Recently KPMG, a global network of professional firms providing Audit, Tax and Advisory services has promoted 2 women about to go on maternity leave. This is an unusual move within the corporate industry, as children have traditionally been viewed as a barrier to moving up the corporate ladder.

Could promoting women while pregnant be the solution to getting more women on boards and improving overall statistics for women in leadership roles?

Angela Priestly, journalist for the online publication ‘Women’s Agenda’ finds out in her most recent article below:


There’s a major problem facing ambitious women in law and accounting firms.

Many women approach the partner level just as they approach another major milestone in life: having children.

It’s not the only reason, but at least one of the reasons why the number of female partners in professional firms tends to be well below that of the number of male partners — often averaging less than 20%.

 So this week’s news that KPMG has not only promoted a record number of female partners, but also a record number of women who’re working flexibly and/or on or about to take maternity leave, is certainly positive.

KPMG has appointed 51 new partners and executive directors, 19 of them are women. That’s 37%, up from 24% last year.

Two women have been promoted to partner while on, or about to take maternity leave. As the Financial Review reports, 35-year-old Courtney West is expected to give birth to her first child at the end of July, the same month she officially commences as partner. She said she always believed having a child could fit with her partner ambitions with the firm and plans to take six months maternity leave. Another five of the new female partners are working either three or four days a week.

It’s not unheard of for women to be appointed partner while about to take or while on maternity leave. KPMG managing partner Rosheen Garnon recently told Women’s Agenda she was appointed partner while pregnant with her first child, while Deloitte’s Margaret Dreyer and Cindy Hook were also promoted while pregnant.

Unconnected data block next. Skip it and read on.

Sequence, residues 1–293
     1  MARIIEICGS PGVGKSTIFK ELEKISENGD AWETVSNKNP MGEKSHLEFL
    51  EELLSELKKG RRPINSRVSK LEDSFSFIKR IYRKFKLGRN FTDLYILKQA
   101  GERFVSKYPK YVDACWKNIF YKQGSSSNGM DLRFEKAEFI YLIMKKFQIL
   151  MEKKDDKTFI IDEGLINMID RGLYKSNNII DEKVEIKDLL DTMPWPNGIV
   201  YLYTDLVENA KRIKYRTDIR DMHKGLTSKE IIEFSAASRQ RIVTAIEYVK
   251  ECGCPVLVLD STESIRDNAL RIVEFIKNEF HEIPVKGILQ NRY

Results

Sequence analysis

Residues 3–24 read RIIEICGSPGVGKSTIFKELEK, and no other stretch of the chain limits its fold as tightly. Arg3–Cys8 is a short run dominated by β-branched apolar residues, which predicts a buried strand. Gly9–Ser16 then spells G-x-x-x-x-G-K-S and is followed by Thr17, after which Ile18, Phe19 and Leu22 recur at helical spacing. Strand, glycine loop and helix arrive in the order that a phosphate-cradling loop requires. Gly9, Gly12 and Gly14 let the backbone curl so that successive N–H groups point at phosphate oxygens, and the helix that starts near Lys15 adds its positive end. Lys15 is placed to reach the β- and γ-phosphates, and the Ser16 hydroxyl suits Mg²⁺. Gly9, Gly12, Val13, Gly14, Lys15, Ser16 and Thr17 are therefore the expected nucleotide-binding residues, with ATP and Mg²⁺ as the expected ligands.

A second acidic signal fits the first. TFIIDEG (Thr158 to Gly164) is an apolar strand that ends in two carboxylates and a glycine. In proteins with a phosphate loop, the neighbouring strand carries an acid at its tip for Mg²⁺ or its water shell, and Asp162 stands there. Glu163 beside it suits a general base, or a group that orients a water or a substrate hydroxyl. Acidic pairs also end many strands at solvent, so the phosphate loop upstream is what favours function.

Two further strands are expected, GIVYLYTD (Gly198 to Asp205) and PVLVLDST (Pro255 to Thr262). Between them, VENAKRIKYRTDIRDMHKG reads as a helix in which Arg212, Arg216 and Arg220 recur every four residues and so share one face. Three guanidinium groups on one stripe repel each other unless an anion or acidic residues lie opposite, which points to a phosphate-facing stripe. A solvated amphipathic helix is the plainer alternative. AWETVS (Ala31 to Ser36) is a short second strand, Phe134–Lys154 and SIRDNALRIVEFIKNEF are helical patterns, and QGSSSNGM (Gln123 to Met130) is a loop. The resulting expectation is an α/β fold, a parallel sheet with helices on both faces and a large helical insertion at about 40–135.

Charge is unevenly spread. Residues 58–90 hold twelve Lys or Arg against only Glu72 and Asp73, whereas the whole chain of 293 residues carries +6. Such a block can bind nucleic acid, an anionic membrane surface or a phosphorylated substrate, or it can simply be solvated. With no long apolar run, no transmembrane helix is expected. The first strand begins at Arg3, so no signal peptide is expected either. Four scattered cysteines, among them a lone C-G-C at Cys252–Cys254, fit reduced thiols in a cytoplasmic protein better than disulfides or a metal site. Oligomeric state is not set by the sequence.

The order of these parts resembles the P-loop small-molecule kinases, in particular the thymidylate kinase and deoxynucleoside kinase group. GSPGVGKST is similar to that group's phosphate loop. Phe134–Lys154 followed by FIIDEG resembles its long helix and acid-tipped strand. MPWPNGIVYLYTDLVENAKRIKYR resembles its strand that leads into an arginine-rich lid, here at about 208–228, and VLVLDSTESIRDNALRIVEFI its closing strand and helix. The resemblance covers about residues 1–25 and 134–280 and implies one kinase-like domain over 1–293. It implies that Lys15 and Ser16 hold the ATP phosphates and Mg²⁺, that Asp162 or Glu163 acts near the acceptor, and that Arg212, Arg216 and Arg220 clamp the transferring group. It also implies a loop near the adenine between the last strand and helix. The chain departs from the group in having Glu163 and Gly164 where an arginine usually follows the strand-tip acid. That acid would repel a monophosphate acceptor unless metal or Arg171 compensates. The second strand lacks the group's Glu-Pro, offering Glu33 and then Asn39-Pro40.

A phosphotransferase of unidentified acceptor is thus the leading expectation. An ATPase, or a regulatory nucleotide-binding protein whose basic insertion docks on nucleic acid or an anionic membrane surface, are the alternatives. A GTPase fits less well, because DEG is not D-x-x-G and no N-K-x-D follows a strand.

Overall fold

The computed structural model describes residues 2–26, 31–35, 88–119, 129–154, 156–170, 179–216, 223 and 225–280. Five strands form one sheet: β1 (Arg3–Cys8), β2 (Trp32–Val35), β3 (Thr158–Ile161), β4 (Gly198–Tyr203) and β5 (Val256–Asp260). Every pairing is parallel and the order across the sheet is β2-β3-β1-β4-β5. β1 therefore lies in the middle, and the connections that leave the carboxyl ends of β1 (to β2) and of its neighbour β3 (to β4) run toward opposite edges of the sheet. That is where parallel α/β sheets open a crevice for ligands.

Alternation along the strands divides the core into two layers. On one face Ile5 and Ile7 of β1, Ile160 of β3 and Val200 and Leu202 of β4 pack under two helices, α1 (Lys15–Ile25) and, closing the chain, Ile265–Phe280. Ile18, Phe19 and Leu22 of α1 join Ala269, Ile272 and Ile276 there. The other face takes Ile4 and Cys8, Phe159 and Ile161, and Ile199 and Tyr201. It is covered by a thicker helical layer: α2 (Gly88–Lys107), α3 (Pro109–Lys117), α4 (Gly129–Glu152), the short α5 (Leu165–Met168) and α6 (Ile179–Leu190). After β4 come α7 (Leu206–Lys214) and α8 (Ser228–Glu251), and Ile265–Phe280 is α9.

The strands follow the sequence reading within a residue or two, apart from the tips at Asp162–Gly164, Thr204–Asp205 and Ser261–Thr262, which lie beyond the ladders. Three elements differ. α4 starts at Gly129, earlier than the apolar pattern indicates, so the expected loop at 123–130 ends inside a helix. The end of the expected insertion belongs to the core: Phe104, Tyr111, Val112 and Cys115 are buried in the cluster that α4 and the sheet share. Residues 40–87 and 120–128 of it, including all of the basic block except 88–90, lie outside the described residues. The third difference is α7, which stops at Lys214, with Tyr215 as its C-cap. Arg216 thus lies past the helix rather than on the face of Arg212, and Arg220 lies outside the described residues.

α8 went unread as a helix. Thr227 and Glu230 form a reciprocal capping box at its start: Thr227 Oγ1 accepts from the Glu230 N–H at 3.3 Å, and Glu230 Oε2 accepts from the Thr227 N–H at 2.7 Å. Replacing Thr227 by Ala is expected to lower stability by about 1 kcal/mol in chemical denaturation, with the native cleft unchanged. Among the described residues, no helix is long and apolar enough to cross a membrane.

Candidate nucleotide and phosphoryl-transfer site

However, it’s not the kind of positive news we hear enough in order to better tell women such career opportunities can be tailored around having children and taking leave. Often, such news goes the other way: consider the reaction when Marissa Mayer was appointed CEO of Yahoo, while pregnant with her first child. The news made international headlines for months, while just how she was going to manage the return to work became everyone’s business. This week, US dating entrepreneur Talia Goldstein has written about how she hid her pregnancy while fundraising for her now successful start-up Three Day Rule out of fear it would turn off investors, and even felt “ashamed and upset” at herself for getting pregnant during such a crucial time for the business.

Pregnant women and new mothers can’t be ignored when it comes to making major appointments. They can not be ignored in accounting firms or law firms, or any company that boasts about promoting talent based on merit — merit doesn’t disappear upon conception. Meanwhile, the same must be said for entrepreneurs like Goldstein. Why should a pregnant woman present a red flag to potential investors or new clients?

KPMG currently has a 25% target for female partners by July 2016, with this week’s partner announcement putting the firm’s current state of progress at 20%, up from 16% in 2012.

The firm still has a long way to go in reaching anything like gender partity in senior leadership positions. But these initial steps certainly help and show a desire for progress.

The only thing that’s missing are the men who’re either working part time or about the take maternity leave. Not one of the 32 promoted men is working flexibly, according to the AFR.

Something to work on for the future.

To view similar articles visit Women’s Agenda website: